Undoubtedly, the classified NIE provides the evidentiary background of these judgments and a
discussion of the extent of the Intelligence Community’s confidence in the NIE’s conclusions.
On December 3, 2007 the Office of the Director of National Intelligence released unclassified
Key Judgments of a NIE prepared in November 2007, Iran: Nuclear Intentions and 35
Capabilities. Donald Kerr, the Principal Deputy DNI stated in a covering memorandum that 36
numerous statements based on a 2005 assessment had been made on the record. “Since our
understanding of Iran’s capabilities has changed, we felt it was important to release this 37
information to ensure that an accurate presentation is available.”
The Key Judgments of the 2007 NIE state that “We judge with high confidence that in fall 2003,
Tehran halted its nuclear weapons program; we also assess with moderate-to-high confidence that
Tehran at a minimum is keeping open the option to develop nuclear weapons.” The NIE assessed
that the program was “was halted primarily in response to international pressure” and argued that
this assessment “suggests that Iran may be more vulnerable to influence on the issue than we 38
35 Available at http://www.dni.gov/press_releases/20071203_release.pdf.
36 On January 18, 2007, then-DNI John Negroponte testified to the House Permanent Select Committee on Intelligence:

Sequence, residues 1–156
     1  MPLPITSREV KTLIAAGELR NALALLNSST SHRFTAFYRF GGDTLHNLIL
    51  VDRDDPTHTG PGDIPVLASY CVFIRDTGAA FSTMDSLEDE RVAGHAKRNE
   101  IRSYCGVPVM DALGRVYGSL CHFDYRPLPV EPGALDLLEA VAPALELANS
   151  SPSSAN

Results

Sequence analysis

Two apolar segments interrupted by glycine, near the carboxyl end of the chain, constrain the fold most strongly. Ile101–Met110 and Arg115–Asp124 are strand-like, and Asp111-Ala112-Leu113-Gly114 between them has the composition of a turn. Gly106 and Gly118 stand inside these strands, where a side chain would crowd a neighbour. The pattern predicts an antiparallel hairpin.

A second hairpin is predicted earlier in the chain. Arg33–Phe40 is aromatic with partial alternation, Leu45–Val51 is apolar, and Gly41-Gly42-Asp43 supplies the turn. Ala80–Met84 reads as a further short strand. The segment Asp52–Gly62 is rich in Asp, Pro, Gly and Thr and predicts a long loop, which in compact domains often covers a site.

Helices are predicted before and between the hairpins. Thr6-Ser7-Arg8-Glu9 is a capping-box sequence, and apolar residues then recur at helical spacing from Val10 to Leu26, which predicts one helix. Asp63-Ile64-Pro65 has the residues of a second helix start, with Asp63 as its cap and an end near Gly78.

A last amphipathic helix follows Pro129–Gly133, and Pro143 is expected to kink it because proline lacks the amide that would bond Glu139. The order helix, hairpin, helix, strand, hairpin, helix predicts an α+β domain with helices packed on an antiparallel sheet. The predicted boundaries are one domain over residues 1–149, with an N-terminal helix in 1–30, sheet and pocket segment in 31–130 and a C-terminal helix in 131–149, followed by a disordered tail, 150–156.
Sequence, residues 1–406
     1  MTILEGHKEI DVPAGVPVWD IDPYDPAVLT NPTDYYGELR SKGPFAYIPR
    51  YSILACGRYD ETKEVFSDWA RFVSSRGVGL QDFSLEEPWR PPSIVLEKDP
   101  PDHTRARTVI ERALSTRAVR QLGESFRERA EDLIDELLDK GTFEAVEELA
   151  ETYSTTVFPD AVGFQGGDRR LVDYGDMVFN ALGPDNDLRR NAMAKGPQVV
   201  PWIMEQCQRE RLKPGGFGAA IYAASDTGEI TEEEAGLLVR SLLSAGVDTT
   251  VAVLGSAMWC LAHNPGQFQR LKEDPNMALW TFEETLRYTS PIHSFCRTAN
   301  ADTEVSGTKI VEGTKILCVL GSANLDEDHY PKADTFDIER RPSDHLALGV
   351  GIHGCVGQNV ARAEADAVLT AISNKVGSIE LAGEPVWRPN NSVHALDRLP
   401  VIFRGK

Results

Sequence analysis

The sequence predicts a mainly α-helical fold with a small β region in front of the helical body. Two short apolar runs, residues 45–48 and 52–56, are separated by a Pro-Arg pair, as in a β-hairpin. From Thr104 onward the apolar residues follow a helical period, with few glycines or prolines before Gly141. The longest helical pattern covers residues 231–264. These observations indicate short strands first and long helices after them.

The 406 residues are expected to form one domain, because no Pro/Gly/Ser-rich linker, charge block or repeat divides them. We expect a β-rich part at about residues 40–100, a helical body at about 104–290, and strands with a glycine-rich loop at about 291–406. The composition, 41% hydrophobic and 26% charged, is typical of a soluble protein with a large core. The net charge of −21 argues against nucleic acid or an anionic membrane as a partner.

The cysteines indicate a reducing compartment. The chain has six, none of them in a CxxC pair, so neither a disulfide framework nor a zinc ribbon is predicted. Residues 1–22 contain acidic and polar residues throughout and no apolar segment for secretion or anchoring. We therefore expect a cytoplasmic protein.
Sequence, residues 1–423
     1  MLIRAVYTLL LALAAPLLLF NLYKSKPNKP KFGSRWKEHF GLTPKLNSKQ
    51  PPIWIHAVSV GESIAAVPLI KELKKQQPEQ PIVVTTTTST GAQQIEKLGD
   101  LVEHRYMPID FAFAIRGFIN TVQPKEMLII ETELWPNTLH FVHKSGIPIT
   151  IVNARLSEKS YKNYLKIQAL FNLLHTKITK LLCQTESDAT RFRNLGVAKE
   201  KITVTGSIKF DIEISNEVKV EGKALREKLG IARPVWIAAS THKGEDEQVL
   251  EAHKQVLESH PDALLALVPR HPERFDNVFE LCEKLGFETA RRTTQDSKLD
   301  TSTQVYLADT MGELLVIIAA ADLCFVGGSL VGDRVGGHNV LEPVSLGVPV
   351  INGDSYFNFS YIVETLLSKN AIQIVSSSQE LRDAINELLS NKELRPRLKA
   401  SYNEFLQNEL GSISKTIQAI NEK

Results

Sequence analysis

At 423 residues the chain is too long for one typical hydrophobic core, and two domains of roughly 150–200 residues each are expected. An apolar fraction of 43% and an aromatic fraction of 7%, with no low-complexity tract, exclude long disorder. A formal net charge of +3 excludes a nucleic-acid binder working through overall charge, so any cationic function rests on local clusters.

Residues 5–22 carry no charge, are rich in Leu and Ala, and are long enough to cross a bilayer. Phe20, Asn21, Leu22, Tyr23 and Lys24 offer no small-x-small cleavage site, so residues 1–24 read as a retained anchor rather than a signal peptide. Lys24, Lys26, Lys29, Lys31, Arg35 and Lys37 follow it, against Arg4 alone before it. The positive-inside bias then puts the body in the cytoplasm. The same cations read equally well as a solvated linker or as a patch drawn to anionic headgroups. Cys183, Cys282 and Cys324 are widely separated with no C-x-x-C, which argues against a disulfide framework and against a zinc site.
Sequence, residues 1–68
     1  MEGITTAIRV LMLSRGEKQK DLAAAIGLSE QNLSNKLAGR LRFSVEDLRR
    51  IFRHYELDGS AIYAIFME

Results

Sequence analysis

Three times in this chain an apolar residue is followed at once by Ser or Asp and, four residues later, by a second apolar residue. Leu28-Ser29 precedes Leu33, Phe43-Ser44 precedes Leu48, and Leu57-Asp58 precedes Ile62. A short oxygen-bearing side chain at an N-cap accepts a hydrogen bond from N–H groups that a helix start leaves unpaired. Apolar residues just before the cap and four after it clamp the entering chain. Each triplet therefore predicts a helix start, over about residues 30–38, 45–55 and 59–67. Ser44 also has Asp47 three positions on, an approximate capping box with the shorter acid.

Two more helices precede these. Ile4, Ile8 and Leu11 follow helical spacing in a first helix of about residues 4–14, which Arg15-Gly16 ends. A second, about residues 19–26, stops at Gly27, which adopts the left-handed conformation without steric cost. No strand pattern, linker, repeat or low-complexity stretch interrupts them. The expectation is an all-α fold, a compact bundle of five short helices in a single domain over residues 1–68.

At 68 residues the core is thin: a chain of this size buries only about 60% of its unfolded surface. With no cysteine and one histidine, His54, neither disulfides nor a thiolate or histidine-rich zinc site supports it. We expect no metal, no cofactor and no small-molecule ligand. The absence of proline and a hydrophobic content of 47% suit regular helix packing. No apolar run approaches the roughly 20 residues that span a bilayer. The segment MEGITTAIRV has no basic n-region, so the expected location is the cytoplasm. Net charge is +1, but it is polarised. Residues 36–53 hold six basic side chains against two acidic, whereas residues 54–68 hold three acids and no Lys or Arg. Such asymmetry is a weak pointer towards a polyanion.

“Our assessment is that Tehran is determined to develop nuclear weapons. It is continuing to pursue uranium
enrichment and has shown more interest in protracting negotiations than reaching an acceptable diplomatic solution.”
Transcript, Hearing of the House Permanent Select Committee on Intelligence Annual Threat Assessment,
37 Statement by the Principal DNI, December 3, 2007.
38 For further discussion of U.S. policy towards Iran, see CRS Report RL32048, Iran: U.S. Concerns and Policy
The dramatic shift in analytical conclusions received extensive attention from the media and
Members of Congress given Iranian policies in the region, Iranian President Ahamdinejad’s
campaign against Israel’s legitimacy, and the efforts of the U.S. and European allies to impose
sanctions on Iran until it complies with United Nations Security Council demands that it cease
uranium enrichment. A factor in the background may have been media reports that a U.S. strike 39
against Iranian nuclear sites had been under consideration. The NIE’s Key Judgments did not
indicate that Iran had ceased its nuclear efforts but, in the view of some observers, it undermined
the urgency of the Administration’s efforts.
Few would argue that the conclusions drawn by the NIE should not have been brought to the
attention of policymakers in the Executive Branch and Congress, but a number of observers have
argued that the Key Judgments overemphasized the importance of the nuclear weapon design and